This new, angular design of the Dark Mark, that fits in with the simplified redesign of all the house logos, is part of Christine Jones and Katrina Lindsay's very effective set and costume designs that feel very authentically Hogwarts while departing drastically from the imagery of the books and especially the films to give Cursed Child an identity of its own that's still absolutely Harry Potter. The Sorting Hat (Chris Jarman) lurks around the sidelines throughout the plays as if keeping an eye on the friendship it cemented in the opening scenes, and this is another departure - the tatty wizard's hat even Rowling's original books describe is now a bowler. The extension of the design into the auditorium itself reveals yet another surprise as we get to the final act and a classic reveal of a new villain in the style of the first and fourth books.


Imogen Heap follows suit in giving the music an entirely different identity to what people who saw the films might be expecting, urgency replacing bombast. Her work combines with that of Steven Hoggett, the other creative to have put a very distinctive touch on the production: As with The Pass John Tiffany has made dance-like movement an integral part of the show, and Hoggett's work, all swishing capes and determined stomping, makes the scene changes as intense as the action, not letting the energy flag. Finally there's Neil Austin's lighting, providing lots of shadow for atmosphere (and to help Jeremy Chernick's special effects and Jamie Harrison's illusions conceal their workings) without making the show murky.


Though Boyle and Clemmett are still central to the action, Harry (Jamie Parker) and the other adults get more of an active role in the story now as they try to save their sons from the trouble they've got themselves into - Poppy Miller is a spot-on Ginny, by which I mean she says something feisty once per play then fades into the wallpaper the rest of the time AND THAT IS THE VERY DEFINITION OF GINNY. If Part Two doesn't always feel quite as strong as Part One it might be that the alternate realities we've ended up in have started to make it feel episodic. This does get wrapped up though in a final act that takes us back to the heart, not just of Cursed Child, which is the relationships between the boys and their fathers, but also of the whole series, finally revealing that this often unlikeable take on Harry himself is never quite going to be able to shake off the trauma of his teenage years, but his relationship with Albus at least is reparable.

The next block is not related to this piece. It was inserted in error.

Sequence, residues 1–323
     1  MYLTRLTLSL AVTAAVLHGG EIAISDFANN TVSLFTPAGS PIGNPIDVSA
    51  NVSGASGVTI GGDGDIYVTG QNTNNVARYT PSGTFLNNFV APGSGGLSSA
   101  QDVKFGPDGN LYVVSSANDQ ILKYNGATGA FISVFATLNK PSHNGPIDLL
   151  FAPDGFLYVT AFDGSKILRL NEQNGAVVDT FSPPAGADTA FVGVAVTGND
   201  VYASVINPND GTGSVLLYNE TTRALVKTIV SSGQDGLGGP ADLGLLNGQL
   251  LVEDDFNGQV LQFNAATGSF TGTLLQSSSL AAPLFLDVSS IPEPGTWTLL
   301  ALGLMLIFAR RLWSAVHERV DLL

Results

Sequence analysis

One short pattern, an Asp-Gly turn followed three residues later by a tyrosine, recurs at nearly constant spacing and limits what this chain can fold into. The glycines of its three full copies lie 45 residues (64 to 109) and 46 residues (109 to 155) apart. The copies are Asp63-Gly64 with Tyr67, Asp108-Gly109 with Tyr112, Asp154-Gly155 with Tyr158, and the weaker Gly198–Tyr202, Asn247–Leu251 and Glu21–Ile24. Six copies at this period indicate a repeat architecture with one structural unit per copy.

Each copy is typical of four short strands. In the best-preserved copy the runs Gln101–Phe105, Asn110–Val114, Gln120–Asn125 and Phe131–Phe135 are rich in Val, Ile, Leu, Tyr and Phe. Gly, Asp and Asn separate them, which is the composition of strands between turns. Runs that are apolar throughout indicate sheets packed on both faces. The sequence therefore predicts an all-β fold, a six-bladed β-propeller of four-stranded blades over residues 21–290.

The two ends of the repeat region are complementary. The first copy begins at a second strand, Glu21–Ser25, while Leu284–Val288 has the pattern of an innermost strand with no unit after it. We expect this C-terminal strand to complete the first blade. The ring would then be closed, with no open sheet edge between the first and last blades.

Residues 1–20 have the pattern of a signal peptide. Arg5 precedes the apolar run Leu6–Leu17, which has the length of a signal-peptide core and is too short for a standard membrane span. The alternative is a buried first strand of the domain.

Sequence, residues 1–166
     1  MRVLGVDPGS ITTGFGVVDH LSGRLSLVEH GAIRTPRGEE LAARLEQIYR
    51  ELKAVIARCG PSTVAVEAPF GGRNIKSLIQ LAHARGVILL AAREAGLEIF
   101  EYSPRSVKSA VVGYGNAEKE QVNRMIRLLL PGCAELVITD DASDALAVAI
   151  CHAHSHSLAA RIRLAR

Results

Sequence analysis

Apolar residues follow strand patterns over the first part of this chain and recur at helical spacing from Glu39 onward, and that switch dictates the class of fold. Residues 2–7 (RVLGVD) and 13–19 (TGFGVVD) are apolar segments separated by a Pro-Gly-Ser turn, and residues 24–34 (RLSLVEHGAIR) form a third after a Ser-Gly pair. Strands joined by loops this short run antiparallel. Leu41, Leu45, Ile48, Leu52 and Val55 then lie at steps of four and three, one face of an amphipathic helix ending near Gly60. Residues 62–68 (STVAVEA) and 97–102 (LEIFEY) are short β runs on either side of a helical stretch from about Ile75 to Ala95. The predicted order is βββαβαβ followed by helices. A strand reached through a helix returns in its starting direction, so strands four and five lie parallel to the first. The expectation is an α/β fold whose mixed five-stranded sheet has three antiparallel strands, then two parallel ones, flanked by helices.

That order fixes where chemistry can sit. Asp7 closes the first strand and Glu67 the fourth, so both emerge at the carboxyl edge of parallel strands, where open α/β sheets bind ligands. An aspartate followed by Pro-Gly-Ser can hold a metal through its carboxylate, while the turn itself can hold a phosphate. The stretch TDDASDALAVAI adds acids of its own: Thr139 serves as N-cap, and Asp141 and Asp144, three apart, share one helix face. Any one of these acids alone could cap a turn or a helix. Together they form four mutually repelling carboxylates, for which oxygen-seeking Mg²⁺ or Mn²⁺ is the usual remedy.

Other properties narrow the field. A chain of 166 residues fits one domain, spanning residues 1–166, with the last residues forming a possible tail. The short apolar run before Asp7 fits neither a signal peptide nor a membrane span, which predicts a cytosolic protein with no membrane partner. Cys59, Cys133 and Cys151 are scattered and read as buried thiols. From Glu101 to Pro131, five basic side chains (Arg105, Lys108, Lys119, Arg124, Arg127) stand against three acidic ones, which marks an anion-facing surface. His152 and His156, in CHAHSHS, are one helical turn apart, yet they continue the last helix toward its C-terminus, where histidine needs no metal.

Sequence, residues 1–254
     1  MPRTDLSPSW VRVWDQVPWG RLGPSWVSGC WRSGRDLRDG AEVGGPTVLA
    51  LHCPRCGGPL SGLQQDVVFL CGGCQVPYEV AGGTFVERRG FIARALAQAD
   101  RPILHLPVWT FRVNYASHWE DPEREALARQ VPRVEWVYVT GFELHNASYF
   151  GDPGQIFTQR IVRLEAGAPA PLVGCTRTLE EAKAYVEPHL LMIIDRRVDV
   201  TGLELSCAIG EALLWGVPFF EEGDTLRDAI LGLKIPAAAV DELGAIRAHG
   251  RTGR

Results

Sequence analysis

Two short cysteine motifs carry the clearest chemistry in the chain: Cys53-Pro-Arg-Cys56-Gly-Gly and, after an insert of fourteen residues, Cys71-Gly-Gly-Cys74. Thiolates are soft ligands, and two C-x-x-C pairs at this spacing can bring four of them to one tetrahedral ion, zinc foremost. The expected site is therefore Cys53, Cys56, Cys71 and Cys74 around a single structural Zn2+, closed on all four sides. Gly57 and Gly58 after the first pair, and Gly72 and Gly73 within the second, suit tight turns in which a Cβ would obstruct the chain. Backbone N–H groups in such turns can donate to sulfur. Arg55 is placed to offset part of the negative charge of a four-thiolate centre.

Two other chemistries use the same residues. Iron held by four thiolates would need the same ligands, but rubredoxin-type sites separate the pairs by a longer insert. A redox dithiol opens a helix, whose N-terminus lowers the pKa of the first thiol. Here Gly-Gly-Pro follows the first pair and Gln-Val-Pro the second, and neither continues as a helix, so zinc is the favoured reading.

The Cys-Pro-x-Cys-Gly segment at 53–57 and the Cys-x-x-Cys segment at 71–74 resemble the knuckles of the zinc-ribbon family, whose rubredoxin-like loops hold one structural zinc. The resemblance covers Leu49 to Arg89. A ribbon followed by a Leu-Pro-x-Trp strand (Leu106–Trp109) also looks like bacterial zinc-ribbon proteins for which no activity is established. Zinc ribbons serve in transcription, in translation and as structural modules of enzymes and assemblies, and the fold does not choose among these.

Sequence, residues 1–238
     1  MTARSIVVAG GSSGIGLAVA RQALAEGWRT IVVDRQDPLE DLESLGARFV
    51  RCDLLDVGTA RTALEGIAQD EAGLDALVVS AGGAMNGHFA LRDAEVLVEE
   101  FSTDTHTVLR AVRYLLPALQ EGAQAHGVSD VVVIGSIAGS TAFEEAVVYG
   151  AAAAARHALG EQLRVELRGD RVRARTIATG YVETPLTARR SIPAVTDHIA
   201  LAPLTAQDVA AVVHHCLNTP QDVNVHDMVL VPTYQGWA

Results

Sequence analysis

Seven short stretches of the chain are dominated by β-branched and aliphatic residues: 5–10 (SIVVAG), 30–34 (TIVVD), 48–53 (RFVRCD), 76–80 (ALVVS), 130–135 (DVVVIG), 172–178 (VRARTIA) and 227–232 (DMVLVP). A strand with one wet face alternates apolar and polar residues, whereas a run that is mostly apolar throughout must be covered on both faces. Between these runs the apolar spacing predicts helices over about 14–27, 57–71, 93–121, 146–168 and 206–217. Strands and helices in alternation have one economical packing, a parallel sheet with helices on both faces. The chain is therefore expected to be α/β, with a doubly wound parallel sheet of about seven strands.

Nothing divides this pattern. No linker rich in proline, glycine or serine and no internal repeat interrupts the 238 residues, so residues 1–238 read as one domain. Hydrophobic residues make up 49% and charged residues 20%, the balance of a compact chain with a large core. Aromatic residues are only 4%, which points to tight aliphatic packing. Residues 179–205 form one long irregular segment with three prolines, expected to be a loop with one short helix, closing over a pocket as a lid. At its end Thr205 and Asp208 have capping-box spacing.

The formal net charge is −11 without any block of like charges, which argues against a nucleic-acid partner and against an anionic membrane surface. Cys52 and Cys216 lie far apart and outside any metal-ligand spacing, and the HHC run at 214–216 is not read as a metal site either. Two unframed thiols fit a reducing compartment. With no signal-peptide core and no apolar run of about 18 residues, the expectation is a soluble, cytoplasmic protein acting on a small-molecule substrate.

Jo Rowling is so fiercely protective of her wizarding world that she's spent years nixing stage versions, so I was never too worried that Harry Potter and the Cursed Child would be a cynical moneymaking exercise. But the sheer love for the world it inhabits, and attention to detail, are even more than we might have expected - this is a show that'll be representing British theatre to the world for years and probably decades to come, and it couldn't have done so better.

But yeah, the show's logo of a child in a nest that's also a snitch... that doesn't mean anything.

Harry Potter and the Cursed Child Part Two by Jack Thorne, based on a story by J.K. Rowling, Jack Thorne and John Tiffany, is booking until the 10th of December 2017 at the Palace Theatre (returns and rush tickets only.)

Running time: 2 hours 40 minutes including interval.

Photo credit: Manuel Harlan.